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Castle Law Office of St. Louis, P.C.
"Doing Nothing Changes Nothing" - St. Louis Bankruptcy Attorney, James Brown

Five Reasons to Sue A Debt Collector for Harassing You

If you have experienced a major life event such as a job loss, death of a major breadwinner in your family, medical problem, etc. you are probably getting calls from debt collectors trying to get you to pay the bills that keep piling up. If this is the case, some of these debt collectors tend to be very rude and abusive to try to get you to pay. You may just shrug it off and assume there’s nothing you can do about it, I’m happy to tell you this is where you’re wrong.  If you’re experiencing harassing debt collection calls, you may be able to turn the tables on them and sue them for the grief they’ve caused you. So, how do you know if one of your debt collectors has violated federal law? The list below explains some of the top violations you might experience. 

  1. The collection agency harassed you in some way – There are many ways a debt collector’s actions can be perceived as harassment, and this may allow you to turn the tables on them and take them to court. Federal laws were put in place to prevent debt collectors from using abusive tactics to get you to pay your debts that were in default.
  2. You sent the debt collector a cease and desist letter, but they still kept contacting you to get you to pay – If you send a cease and desist letter to a collection agency this is supposed to stop anyone from contacting you about that debt. The only communication they are allowed to have is a letter stating they received your cease and desist letter, or a summons for a court hearing. Any debt collector that continues to contact you other than the two options above is violating federal law and you can sue them for damages.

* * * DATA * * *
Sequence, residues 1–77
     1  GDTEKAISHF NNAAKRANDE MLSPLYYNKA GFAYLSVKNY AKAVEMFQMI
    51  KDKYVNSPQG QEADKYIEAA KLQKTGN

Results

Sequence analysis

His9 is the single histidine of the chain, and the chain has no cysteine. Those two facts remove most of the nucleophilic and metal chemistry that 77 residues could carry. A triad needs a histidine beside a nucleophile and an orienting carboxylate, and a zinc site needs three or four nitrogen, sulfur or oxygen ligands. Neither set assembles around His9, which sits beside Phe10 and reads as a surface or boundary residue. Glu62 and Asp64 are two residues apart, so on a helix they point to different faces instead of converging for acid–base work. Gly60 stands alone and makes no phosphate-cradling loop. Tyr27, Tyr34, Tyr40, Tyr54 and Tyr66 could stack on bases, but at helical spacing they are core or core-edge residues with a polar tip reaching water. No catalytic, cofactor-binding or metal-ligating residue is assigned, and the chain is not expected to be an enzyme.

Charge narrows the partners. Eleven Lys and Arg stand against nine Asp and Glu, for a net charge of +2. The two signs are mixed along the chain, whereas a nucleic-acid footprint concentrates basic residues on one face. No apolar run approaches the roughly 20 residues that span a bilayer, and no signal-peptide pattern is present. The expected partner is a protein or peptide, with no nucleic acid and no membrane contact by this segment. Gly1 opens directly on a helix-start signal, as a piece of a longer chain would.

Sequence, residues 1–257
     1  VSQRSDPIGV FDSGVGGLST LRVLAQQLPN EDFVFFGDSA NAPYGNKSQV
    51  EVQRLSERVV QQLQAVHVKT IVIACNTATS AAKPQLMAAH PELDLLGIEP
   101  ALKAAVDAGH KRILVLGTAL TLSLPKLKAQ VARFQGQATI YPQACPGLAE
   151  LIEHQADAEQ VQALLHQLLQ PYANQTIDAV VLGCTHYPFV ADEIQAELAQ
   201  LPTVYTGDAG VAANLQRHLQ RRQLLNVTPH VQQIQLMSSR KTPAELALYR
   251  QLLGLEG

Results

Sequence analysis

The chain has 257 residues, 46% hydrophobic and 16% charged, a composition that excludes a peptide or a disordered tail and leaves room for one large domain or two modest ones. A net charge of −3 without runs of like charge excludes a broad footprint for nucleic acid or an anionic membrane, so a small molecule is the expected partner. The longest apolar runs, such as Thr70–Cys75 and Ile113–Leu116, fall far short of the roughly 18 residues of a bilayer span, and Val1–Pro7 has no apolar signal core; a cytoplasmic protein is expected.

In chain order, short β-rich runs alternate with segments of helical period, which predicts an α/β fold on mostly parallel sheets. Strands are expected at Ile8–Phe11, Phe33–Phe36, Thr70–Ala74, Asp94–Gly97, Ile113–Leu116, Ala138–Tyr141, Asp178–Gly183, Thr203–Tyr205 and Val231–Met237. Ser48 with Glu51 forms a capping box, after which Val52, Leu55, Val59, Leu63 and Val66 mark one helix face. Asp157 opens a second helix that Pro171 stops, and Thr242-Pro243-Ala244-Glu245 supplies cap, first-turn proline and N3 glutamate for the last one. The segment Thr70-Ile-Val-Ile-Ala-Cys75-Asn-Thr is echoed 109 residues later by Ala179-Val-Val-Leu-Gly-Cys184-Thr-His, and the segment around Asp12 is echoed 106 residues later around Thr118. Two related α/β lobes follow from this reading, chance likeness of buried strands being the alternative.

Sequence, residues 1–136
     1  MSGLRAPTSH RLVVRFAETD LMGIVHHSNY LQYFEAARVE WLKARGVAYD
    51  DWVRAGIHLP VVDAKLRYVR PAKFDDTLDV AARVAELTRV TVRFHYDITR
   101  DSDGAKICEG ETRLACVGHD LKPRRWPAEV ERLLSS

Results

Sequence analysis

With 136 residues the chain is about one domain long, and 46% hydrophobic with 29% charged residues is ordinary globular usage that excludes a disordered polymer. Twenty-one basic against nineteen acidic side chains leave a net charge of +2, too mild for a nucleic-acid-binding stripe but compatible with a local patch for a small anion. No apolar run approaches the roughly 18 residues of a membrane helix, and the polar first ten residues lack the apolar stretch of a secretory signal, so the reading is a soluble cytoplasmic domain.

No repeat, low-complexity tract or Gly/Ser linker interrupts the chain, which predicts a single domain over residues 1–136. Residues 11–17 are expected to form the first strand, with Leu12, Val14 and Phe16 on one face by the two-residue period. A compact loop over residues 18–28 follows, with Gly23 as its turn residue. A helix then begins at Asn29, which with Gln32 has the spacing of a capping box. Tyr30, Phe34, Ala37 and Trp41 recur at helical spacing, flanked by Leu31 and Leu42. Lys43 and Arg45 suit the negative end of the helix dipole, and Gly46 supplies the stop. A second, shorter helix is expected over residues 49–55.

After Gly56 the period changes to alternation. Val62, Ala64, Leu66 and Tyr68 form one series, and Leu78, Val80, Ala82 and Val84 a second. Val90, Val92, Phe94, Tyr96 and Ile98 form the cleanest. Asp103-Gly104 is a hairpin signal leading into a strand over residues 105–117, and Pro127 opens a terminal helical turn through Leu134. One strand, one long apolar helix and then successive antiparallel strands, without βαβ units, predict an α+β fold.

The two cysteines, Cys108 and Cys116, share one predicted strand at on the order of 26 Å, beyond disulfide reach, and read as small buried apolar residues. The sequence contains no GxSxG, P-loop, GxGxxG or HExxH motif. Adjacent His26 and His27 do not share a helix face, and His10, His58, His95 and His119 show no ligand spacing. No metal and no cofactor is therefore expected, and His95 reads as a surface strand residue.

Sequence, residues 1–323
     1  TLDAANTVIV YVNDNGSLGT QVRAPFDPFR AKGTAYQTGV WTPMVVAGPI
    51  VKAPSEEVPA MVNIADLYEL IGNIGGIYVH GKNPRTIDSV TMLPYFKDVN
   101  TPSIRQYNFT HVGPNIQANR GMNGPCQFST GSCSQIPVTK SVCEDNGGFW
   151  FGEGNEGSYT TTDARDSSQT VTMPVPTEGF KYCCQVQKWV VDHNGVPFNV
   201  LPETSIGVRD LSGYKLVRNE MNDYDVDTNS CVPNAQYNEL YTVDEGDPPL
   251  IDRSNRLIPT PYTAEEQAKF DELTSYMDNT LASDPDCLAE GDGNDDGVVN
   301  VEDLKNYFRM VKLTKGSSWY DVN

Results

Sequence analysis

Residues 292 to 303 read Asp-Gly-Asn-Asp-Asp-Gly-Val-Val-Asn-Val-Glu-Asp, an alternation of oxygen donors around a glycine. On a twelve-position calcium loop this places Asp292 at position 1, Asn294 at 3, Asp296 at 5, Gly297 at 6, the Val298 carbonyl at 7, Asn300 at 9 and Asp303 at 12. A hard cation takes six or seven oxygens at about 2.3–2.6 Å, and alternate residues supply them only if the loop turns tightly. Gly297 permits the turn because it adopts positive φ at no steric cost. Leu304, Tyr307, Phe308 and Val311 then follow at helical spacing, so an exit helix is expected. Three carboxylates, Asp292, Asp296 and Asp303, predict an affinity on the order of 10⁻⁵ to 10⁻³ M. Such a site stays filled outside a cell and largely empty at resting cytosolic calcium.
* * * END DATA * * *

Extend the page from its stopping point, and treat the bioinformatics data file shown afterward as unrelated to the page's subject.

3. They contact your friends, family, employees, etc. and tell them about the debt you owe – Collection agencies are not allowed to tell anyone but the credit bureaus about the debt you owe. If they contact one of the above, this is called third party contact, and the only reason a debt collector can contact them is to verify location information. This is also a violation of federal law and you can sue the collector for doing this. Specifics of your finances and debts you owe are private information and your privacy should be honored by these collection companies.
  4. You are fired from your job because of the actions of a debt collector – This might be the result of a debt collector contacting your employer about a debt you owe. Sadly, in my experience as a debt collection harassment attorney, I’ve had clients that were fired from their job because their debt collectors had repeatedly called their employer about a debt that was in default. Recovery of lost wages and future wages is just one type of damages we can go after them for and I’m not afraid to fight them for it.
  5. A false lawsuit is brought against you by your debt collector – Collection agencies and law firms have been known to bring false lawsuits against you to sue you for a debt you already settled or paid off. Sometimes, a collection agency may even try to sue you after you’ve provided proof that the debt is paid off. If any of the above has happened to you, that debt collector has definitely violated your rights.  

Do You Think Your Debt Collectors are Violating this Federal Law?

Lucky for you, we are here to help you find out if one of your collectors has violated federal law by abusing or threatening you, and it costs you NOTHING! Call us today for help going through the abusive actions of your debt collectors to find out if you have a possible claim against them. You deserve compensation for the distress they have caused you, so call us today at 314-344-0800.

James R. Brown
President and Principal Attorney at Castle Law Office
MATA Helping to Balance The Scales Of Justice Bankruptcy Attoney of the Year National Association of Consumer Advocates